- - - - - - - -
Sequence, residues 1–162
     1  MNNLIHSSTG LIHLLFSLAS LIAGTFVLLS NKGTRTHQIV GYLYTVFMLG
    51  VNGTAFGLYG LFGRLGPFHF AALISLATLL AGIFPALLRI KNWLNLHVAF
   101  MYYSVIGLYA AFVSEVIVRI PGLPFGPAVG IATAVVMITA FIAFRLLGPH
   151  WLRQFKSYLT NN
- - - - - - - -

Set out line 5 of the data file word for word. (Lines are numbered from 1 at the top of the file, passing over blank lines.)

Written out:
   151  WLRQFKSYLT NN